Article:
Increased hydrophobicity
    Increased stability towards nucleolytic degradation for both, phosphate or thiophosphate internucleoside linkages
    Inability to elicit RNaseH activity
    Tc-oligonucleotides are manufactured in the same way as natural or LNA- oligonucleotides via solid phase phosphoramidite chemistry.

    Unlike LNA, fully modified tc-oligonucleotides in the lenght range of 11-25 nucleotides can easily be prepared and produce potent antisense effects.

    Due to their properties tc-oligonucleotides are particularly suited for biological and therapeutic applications where high target affinity and biostability is required and where the mechanism of action does not rely on RNaseH activity.

  • Muscular dystrophy
    dmd_1_c

    Duchenne muscular dystrophy (DMD) is the consequence of a X-chromosome linked genetic defect, caused by a mutation in the dystrophin gene. Dystrophin is the largest known human gene consisting of 79 exons interrupted by 78 introns. Mutations can lead to exon skipping during splicing which in turn leads to misaligned mRNA that produces unfunctional protein. The incidence rate of the disease is ca 1 out of 3500 newborn males. The majority of mutations are spontaneous and not hereditary.

    Dystrophin binds to the intracellular actin filaments and links via the trans-membrane sarcoglycans to the extracellular matrix. It is essential for muscle function.

  • Exon skipping
    dmd_3_c

    Classical mutations (e.g. in exon 52) cause exon 52 skipping during splicing which leads to a frame shifted mRNA that produces unfunctional dystrophin. Additional skipping of exon 51 induced by an antisense oligonucleotide restores the reading frame and leads to a slightly shortened but functional dystrophin variant.

  • Publications

    1. R. Steffens, C. Leumann, “Tricyclo-DNA: A phosphodiester-backbone based DNA analog exhibiting strong complementary base-pairing properties”, J. Am. Chem. Soc.1997, 119, 11548-11549.
    2. R. Steffens, C. Leumann, “Nucleic-Acid Analogs with Constraint Conformational Flexibility in the Sugar-Phosphate Backbone ‘Tricyclo-DNA’, Part 1, Preparation of [(3’S,5’R,6’R)-2′-Deoxy-3′,5′-ethano-5′,6′-methano-beta-D-ribofuranosyl]thymine and -Adenine and the Corresponding Phosphoramidites for Oligonucleotide Synthesis, Helv. Chim. Acta1997, 80, 2426-2439.
    3. R. Steffens, C. Leumann, “Synthesis, Thermodynamic and Biophysical Properties of Tricyclo-DNA”,J. Am. Chem. Soc., 1999, 120, 3249-3255.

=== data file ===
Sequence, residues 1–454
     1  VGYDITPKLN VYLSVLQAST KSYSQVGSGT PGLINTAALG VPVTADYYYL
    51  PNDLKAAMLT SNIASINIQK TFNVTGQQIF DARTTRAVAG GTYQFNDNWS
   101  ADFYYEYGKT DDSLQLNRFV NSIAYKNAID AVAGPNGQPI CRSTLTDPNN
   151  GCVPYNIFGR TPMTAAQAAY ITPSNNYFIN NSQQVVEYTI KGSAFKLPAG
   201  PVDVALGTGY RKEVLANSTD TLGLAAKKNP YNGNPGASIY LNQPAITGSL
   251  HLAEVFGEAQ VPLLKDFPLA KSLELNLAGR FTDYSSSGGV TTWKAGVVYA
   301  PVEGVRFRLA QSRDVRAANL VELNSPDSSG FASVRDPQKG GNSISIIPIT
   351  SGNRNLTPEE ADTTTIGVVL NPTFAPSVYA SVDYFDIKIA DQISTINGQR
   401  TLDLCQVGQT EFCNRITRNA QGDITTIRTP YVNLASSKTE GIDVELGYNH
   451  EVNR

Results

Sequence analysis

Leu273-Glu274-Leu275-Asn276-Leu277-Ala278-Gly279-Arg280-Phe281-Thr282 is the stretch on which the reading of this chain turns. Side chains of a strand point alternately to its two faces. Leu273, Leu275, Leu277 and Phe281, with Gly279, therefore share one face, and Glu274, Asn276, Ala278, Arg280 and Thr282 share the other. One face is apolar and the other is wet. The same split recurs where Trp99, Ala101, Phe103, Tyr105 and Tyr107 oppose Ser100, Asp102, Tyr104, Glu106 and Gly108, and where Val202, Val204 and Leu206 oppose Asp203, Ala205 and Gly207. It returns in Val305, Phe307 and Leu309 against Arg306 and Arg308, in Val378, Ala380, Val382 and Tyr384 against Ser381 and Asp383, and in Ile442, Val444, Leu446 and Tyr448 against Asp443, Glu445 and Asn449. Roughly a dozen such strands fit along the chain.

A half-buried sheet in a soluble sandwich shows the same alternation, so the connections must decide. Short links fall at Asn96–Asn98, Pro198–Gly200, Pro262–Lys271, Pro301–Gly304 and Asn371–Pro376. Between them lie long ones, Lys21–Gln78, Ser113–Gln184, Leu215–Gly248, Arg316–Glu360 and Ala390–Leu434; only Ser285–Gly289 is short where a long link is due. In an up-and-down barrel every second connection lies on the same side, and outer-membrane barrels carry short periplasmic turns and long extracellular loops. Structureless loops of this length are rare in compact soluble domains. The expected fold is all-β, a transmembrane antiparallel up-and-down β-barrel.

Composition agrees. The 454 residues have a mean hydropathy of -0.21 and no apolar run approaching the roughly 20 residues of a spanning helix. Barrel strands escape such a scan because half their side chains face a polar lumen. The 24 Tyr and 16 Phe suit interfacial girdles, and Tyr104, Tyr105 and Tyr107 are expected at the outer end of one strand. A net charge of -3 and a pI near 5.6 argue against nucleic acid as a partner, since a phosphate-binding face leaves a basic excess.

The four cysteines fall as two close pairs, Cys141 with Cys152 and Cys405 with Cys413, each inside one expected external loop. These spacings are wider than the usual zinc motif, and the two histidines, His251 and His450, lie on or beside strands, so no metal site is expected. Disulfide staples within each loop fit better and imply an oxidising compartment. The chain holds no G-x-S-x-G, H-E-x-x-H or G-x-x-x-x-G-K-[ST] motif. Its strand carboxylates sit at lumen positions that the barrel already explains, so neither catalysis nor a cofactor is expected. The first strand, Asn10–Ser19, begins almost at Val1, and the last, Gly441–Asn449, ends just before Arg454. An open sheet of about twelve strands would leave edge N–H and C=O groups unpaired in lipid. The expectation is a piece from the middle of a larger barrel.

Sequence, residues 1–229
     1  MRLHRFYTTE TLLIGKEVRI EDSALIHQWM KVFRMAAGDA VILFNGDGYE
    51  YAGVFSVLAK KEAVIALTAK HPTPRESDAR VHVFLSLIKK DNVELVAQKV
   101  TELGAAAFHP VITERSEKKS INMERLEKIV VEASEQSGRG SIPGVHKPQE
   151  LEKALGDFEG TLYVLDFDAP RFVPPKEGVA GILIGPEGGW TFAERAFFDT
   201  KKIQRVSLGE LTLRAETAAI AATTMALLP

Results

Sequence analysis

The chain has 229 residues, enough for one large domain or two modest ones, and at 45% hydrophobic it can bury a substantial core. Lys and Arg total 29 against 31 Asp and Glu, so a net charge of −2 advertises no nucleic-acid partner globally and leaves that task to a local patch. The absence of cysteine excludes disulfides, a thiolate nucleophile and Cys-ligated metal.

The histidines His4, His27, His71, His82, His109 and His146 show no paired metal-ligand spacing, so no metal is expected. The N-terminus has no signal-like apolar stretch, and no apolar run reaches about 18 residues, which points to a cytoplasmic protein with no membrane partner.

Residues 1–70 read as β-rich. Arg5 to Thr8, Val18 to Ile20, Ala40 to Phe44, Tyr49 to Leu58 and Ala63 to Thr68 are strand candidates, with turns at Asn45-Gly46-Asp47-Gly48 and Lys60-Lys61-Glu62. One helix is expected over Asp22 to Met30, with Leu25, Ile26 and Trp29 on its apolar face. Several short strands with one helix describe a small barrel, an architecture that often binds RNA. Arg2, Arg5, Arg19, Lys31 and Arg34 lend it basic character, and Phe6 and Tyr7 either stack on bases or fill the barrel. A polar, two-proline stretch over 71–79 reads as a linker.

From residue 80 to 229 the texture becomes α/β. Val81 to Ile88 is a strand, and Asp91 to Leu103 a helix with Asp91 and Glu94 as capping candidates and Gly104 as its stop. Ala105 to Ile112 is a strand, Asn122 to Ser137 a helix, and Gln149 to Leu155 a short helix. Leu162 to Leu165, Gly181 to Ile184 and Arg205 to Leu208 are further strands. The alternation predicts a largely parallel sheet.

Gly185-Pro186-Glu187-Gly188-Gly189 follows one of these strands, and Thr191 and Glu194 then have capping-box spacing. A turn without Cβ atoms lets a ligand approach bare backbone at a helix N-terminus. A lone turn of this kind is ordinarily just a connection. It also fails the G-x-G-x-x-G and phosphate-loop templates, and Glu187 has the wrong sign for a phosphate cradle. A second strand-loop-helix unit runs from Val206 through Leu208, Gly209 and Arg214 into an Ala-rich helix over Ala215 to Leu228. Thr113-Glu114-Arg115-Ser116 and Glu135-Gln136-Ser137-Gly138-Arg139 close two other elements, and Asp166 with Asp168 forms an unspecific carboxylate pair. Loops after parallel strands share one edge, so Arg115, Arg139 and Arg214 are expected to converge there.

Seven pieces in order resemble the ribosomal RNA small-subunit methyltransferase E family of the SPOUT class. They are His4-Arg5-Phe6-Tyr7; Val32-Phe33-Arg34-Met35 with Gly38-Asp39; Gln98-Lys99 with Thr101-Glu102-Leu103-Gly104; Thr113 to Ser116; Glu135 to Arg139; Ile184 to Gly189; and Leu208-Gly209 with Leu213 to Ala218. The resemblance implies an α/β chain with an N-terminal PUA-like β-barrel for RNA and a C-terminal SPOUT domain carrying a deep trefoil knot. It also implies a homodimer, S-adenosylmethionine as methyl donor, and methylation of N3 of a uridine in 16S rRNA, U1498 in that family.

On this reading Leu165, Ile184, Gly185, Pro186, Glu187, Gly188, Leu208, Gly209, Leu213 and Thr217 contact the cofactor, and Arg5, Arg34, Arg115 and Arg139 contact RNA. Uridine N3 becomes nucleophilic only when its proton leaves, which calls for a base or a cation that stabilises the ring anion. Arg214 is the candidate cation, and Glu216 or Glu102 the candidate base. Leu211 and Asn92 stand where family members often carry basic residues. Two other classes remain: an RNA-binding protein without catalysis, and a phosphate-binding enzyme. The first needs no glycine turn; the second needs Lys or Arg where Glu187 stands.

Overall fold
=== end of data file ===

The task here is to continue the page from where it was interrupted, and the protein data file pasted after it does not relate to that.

4. D. Renneberg, C. J. Leumann: Watson-Crick base-pairing properties of tricyclo-DNA, J. Am. Chem. Soc., 2002, 124, 5993-6002.
    5. D. Renneberg, E. Bouliong, U. Reber, D. Schümperli, C. J. Leumann: Biological and antisense properties of tricyclo-DNA, Nucleic Acids Res., 2002, 30, 2751-2757.
    6. D. Ittig, S. Liu, D. Renneberg, D. Schümperli, C. J. Leumann, Nuclear antisense effects in cyclophilin A pre-mRNA splicing by oligonucleotides: a comparison of tricyclo-DNA with LNA, Nucleic Acids Res.2004, 32, 346-353.
    7. S. P. Scheidegger, C. J. Leumann, Synthesis and Pairing Properties of a-tricyclo-DNA, Chem. Eur. J.2006, 12, 8014-8023.
    8. G. Ivanova, S. Reigadas, D. Ittig, A. Arzumanov, M.-L. Andreola, C. Leumann, J.J. Toulmé, M. J. Gait, Tricyclo-DNA Containing Oligonucleotides as Steric Block Inhibitors of HIV-1 Tat-Dependent TransActivation and HIV-1 Infectivity, Oligonucleotides, 2007, 17, 54-65.
    9. P. S. Pallan, D. Ittig, A. Héroux, Z. Wawrzak, C. J. Leumann, M. Egli*, Crystal Structure of Tricyclo-DNA: An Unusual Compensatory Change of Two Adjacent Backbone Torsion Angles, Chem. Commun. 2008, 883-885.
    10. D. Ittig, S. Luisier, J. Weiler, D. Schümperli, C. J. Leumann, Improving gene silencing of siRNAs via tricyclo-DNA modification, Artificial DNA, PNA & XNA, 2010, 1, 9-16
    11. D. Ittig, A-B. Gerber, C. J. Leumann, Position dependent effects on stability in tricyclo-DNA modified oligonucleotide duplexes, Nucleic Acids Res. 2011, 39, 373-380.
    12. S. Murray, D. Ittig, E. Koller, A. Berdeja, A. Chappell, T. P. Prakash, M. Norrbom, E. E. Swayze, C. J. Leumann, P. P. Seth, TricycloDNA modified oligo-2′-deoxyribonucleotides reduce scavenger receptor B1 mRNA in hepatic and extra-hepatic tissues – a comparative study of oligonucleotide length, design and chemistry, Nucleic Acids Res. 2012, 40, 6135-6143.
    13. J. Lietard, C. J. Leumann, Synthesis, Pairing, and Cellular Uptake Properties of C(6′)-Functionalized Tricyclo-DNA, J. Org. Chem. 2012, 77, 4566-4577.
    14. A. Goyenvalle, G. Griffith, A. Babbs, S.E. Andaloussi, K. Ezzat, A. Avril, B. Dugovič, R. Chaussenot, A. Ferry, T. Voit, H. Amthor, C. Bühr, S. Schürch, M.J. Wood, K.E. Davies, C. Vaillend, C.J. Leumann, L. Garcia, Functional correction in mouse models of muscular dystrophy using exon-skipping tricyclo-DNA oligomers, Nature medicine. 2015, 21, 270-275.
    15. K. Ahmed, Y. Aoki, T. Koo, G. McClorey, L. Benner, A. Coenen-Stass, L. O’Donovan, T. Lehto, A. Garciaguerra, J.Z. Nordin, A.F. Saleh, M.A. Behlke, J. Morris, A. Goyenvalle, B. Dugovič, C.J. Leumann, S. Gordon, M.J. Gait, S. El-Andaloussi, M.J. Wood, Self-assembly into nanoparticles is essential for receptor mediated uptake of therapeutic antisense oligonucleotides, Nano letters. 2015, 15, 4364-4374.
    16. A. Goyenvalle, C. Leumann, L Garcia, Therapeutic Potential of Tricyclo-DNA antisense oligonucleotides, Journal of Neuromuscular Diseases, 2016, 3(2), 157-167.

pipeline